The comedy legends are just as weird with each other off-screen. A little backstory: Just before joining Saturday Night Live in 2002, Armisen got a lift to the set of a Bob Odenkirk short from a gangly production assistant. The P.A. was Bill Hader.
Jacket, $219, by Patagonia / Sweater, $395, by Ovadia & Sons / Pants, $440, and cup by Snow Peak / White belt by J.Crew / Vintage boots by Church's / Socks by Etiquette Clothiers Jason Momoa Is Here to Kick Ass as Aquaman (and Take His Kids Camping Afterward) This is Hollywood’s new manly man. But Momoa is the real deal—a rock climber, a motorcycle rider, an axe hurler, a terrific dad—and that’s why Hollywood is betting on him to be the next great superhero. Jason Momoa is so perfect for America.
We asked a range of authors, artists, and poets to name books that bring solace or understanding in this age of rancor. Two dozen or so responded. Here are picks from author Phil Klay, who served in Iraq prior to landing on the New York Times bestseller list for his riveting fictional stories of war and the experience of coming home.
Muck Rack makes it simple to find people, tweets, or articles that mention any name, keyword, company, hashtag etc. We've compiled this guide to help you make the most of your search.
Selecting a term
Start searching tweets, articles from media outlets, articles mentioned in tweets, journalists'
names, titles and bios with some suggested searches:
Companies or Topics (e.g. iPhone, Microsoft)
Phrases (e.g. "cloud computing") — use quotes to keep the terms together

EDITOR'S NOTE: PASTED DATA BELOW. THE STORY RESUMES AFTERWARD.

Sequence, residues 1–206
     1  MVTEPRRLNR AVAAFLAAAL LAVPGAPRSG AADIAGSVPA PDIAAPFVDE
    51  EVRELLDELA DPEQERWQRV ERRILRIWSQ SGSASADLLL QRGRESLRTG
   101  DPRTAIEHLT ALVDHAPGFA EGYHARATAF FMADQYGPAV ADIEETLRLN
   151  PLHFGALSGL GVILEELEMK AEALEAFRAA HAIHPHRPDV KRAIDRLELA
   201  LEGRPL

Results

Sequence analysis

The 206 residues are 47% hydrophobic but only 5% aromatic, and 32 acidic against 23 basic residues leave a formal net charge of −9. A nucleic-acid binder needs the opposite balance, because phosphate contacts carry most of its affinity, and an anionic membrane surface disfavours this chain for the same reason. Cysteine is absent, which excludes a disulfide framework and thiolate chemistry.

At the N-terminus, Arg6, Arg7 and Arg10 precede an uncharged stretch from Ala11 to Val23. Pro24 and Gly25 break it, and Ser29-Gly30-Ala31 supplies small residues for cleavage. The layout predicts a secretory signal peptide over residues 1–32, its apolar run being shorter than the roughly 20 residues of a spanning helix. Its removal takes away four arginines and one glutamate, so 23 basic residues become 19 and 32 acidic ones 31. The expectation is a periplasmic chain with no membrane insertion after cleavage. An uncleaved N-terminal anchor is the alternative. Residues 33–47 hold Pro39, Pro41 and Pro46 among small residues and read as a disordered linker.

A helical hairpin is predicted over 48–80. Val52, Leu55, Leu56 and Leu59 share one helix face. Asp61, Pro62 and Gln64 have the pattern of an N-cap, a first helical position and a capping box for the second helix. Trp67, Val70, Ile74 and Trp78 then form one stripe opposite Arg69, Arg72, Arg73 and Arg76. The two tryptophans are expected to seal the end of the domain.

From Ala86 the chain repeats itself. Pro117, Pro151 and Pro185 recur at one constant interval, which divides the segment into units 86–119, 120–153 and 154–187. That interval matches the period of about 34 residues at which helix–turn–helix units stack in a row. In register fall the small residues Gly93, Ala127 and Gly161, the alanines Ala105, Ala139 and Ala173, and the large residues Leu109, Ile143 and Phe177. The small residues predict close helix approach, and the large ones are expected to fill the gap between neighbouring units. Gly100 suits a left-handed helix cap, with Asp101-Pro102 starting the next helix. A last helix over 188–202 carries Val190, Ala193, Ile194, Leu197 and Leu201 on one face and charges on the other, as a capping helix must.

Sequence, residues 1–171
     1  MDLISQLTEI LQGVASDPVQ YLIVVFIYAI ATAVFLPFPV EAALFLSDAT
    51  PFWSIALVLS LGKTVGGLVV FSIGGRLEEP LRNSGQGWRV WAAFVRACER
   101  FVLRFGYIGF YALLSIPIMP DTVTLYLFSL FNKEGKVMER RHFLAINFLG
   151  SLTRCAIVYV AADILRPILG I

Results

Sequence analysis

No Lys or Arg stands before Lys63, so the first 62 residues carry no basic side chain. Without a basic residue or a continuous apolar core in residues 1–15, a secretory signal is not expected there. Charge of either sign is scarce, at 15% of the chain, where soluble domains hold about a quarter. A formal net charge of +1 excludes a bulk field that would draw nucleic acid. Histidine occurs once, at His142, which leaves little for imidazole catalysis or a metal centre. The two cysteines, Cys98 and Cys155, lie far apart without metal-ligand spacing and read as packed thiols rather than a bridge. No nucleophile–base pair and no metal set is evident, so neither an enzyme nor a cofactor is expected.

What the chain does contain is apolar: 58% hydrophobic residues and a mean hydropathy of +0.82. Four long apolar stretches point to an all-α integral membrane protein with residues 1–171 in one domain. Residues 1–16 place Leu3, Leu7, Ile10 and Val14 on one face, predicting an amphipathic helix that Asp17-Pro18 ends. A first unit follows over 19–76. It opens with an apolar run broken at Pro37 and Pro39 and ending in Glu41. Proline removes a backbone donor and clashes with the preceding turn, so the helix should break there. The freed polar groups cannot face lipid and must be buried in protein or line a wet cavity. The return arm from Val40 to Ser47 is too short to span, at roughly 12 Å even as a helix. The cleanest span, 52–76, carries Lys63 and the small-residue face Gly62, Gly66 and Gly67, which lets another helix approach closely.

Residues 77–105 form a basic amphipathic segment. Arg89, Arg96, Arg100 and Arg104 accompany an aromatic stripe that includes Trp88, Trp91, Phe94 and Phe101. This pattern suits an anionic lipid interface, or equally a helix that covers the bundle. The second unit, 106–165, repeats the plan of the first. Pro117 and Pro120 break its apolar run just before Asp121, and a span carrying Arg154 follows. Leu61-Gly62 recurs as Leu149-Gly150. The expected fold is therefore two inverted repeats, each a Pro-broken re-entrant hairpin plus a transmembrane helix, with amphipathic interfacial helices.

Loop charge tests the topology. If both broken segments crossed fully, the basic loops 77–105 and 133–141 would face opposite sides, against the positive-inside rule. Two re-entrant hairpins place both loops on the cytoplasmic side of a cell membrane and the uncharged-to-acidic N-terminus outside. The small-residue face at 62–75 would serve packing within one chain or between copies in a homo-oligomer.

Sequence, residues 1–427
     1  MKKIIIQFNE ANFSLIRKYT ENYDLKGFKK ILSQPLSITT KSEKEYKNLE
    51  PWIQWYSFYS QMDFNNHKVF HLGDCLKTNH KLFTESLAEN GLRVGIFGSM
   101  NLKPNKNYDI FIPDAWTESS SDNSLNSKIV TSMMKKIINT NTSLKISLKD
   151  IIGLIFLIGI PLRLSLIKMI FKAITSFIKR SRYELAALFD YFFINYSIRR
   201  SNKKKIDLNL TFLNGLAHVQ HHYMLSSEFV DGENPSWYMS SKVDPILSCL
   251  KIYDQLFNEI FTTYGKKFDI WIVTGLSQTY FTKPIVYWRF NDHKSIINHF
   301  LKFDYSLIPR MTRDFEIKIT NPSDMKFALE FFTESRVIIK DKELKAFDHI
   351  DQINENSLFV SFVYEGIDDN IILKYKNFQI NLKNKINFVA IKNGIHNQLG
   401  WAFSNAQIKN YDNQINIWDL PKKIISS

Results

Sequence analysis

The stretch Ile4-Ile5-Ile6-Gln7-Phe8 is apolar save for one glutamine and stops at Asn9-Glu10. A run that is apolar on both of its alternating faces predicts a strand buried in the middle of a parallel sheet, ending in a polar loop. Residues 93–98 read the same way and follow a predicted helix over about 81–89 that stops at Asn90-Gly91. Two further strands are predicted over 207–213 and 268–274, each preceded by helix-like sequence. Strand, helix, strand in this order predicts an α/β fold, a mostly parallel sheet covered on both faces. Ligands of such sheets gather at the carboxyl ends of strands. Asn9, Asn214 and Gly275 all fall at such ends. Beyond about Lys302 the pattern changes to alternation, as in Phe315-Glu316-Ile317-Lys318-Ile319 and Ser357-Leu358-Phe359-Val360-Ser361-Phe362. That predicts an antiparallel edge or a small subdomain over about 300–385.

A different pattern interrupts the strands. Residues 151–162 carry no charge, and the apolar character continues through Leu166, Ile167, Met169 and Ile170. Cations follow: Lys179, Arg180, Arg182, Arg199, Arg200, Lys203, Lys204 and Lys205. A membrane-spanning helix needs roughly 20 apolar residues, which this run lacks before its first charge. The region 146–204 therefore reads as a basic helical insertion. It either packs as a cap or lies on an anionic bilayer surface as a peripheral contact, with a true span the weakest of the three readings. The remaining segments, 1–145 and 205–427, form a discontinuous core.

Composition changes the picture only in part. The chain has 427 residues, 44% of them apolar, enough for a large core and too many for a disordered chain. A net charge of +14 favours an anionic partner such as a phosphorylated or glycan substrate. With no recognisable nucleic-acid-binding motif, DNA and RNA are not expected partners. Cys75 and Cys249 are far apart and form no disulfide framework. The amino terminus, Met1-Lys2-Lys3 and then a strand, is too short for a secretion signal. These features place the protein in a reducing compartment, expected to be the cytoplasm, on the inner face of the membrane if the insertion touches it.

Twitter handles (e.g. @username) — returns those who have mentioned or replied to
Names (e.g. "David Pogue")
Hashtags (e.g. #sxsw, #london2012)
Bio details (e.g. vegan, Olympics, father)
Muck Rack's Advanced Search allows for many boolean operators.
Find results that mention multiple specified terms, use AND or
+. For example, ensure each result contains both Elon Musk and Mark Zuckerberg by
searching Obama AND Romney or Obama + Romney.
Use the operators OR or , to broaden your search when you'd like either of
multiple terms to appear in results. (This is the default behavior of our search when no operators
are used.) For example, search for democrat OR republican to find results that refer to
Democrats and/or Republicans.
Use NOT or - to subtract results from your search. For
example, searching Disney will yield results about the Walt Disney Company as well as Walt Disney
World Resort. To exclude mentions of Disney World, search for Disney -World or Disney
When using one of these operators with a phrase, enclose it in quotation marks. For example, you can
find results about smartphones excluding Apple's iPhone 4S by searching smartphone -"iPhone
Exact case matching or punctuation
If you're searching for a brand name or keyword that relies on specific punctuation marks or capitalization, you can
find results that match your exact query by adding matchcase: before the keyword you're searching for, like matchcase:E*TRADE .
Use parentheses to separate multiple
boolean phrases. For example, to find journalists talking about having fun in Disney World or
Disneyland, search for ("disney world" OR disneyland) AND fun.
An asterisk can be used to search for any variation of a root word truncated by the asterisk. For example, searching for admin* will return results for administrator, administration, administer, administered, etc.
A near operator is an AND operator where you can control the distance between the words. You can vary the distance the near operation uses by adding a forward slash and number (between 0-99) such as strawberries NEAR/10 "whipped cream", which means the strawberries must exist within 10 words of "whipped cream".